The 2020 Summer Olympic Games were already likely among the single largest casualties of the coronavirus outbreak, but there potentially is even more dire news for the Tokyo event. Should the current pandemic threats persist into next summer, the president of the Tokyo 2020 organizing committee, Yoshiro Mori, told Nikkan Sports a delay to 2022 would not happen and the games would be outright canceled.
Mori noted the Olympic Games have been canceled before during wartime and the world is “fighting against an invisible enemy now.” The Olympics were canceled three times for World War I and World War II.
“This is a gamble by the human race,” Mori said. “If we can hold the Olympics after the world beats the virus, the games will have many times more value than in the past.” The postponement has already added an additional $2.7 billion to the $12.6 billion budget, making it the second-most expensive games in history.
The ultimate economic impact to Japan is still to be determined, according to CNBC. The Japan Times reported canceling the games would result in “economic damage” of $42.1 billion. There’s also the $4.8 billion NBC paid the IOC for the Olympic rights through 2020 and the more than $1 billion in ads sold by NBC.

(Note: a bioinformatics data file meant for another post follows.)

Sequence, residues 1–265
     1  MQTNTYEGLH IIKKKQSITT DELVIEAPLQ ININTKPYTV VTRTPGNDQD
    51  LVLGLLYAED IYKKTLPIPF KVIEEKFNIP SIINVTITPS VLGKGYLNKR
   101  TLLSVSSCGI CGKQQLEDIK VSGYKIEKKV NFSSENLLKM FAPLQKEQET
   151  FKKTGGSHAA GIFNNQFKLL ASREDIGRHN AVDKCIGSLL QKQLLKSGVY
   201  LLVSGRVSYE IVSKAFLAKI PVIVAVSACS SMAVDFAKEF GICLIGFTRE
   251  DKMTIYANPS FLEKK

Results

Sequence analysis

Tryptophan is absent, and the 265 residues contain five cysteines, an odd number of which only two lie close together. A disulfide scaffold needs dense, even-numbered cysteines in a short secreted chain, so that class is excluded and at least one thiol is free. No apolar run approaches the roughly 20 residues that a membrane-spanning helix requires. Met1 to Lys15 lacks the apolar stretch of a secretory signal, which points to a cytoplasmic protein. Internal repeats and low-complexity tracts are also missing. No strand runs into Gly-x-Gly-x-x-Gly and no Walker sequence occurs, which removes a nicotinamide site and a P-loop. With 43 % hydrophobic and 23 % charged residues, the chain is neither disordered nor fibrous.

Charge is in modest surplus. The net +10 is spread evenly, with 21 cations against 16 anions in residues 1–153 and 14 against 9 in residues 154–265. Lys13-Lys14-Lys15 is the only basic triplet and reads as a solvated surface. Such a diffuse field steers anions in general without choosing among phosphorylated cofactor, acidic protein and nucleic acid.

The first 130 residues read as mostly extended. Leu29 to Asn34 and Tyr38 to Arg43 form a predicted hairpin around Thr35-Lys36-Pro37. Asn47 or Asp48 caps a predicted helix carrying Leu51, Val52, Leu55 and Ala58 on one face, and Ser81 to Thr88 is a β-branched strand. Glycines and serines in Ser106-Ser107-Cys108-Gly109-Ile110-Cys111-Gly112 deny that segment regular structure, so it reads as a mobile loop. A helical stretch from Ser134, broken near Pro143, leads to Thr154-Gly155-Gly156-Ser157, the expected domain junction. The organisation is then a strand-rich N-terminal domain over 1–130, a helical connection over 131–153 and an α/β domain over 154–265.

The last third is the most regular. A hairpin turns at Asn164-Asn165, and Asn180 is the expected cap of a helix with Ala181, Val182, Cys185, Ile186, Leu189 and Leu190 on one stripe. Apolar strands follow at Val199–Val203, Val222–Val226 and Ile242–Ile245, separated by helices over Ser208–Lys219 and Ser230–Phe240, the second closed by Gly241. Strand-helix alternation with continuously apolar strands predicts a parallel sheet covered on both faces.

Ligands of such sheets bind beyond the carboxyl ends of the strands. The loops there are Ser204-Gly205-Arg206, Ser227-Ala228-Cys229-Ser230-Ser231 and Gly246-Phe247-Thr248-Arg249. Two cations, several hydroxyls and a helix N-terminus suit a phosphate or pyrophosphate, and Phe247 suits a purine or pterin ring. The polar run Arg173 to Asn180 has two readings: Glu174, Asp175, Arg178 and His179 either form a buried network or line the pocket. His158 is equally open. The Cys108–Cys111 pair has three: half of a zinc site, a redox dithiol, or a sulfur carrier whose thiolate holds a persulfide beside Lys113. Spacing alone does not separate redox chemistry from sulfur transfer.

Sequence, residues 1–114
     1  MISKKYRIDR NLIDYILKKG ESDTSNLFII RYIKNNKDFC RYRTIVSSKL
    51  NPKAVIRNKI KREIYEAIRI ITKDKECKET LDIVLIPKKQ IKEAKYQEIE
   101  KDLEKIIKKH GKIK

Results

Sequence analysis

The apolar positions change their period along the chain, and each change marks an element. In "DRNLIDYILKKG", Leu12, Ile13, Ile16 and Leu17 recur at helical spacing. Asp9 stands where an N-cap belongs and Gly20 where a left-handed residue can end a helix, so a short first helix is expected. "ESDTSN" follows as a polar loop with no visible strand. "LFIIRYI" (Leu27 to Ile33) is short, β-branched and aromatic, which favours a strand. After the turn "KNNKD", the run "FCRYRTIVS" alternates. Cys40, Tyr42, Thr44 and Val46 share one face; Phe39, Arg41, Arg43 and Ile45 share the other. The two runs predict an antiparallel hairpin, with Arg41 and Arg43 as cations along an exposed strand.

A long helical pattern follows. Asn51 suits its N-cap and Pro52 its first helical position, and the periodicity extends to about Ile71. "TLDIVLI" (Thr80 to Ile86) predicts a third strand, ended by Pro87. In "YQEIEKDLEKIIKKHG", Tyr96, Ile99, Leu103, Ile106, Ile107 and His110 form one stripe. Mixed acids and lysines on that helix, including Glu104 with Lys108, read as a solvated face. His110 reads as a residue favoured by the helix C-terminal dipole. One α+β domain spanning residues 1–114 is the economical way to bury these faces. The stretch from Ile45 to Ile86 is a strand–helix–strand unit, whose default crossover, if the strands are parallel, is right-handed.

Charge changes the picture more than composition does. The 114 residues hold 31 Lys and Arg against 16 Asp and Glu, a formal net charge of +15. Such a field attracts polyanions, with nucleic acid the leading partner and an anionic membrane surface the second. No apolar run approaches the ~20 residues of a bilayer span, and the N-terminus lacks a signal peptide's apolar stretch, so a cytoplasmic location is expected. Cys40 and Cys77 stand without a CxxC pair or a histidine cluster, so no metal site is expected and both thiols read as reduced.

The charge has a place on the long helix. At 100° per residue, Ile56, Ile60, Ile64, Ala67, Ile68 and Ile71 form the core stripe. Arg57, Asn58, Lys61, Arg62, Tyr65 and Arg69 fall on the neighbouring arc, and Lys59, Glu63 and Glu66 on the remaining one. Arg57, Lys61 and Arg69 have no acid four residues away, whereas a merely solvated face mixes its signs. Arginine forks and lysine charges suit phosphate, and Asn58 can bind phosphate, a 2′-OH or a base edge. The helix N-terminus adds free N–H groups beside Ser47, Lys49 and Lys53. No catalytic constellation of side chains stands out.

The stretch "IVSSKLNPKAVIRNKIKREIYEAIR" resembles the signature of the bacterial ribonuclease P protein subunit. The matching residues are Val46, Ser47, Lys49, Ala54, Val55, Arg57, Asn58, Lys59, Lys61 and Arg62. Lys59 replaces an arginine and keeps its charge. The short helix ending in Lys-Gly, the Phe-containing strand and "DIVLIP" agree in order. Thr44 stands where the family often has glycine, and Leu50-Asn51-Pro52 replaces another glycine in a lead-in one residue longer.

The outlook for athletes is equally grim. Following the postponement, the New York Times reported the U.S. Olympic & Paralympic Committee would have to wait another year for the $200 million its athletes rely on for living and training stipends. That’s not counting all the endorsements that have been upended.
Japan is currently under a month-long state of emergency due to a rapid increase in COVID-19 cases, and according to NBC Sports, a Japanese professor of infectious diseases is “pessimistic” the games could be held in 15 months.
Meanwhile, other experts have also said both the summer Olympics and the 2022 Beijing Winter Olympics could be at the mercy of a vaccine for the coronavirus, which is at least a year away.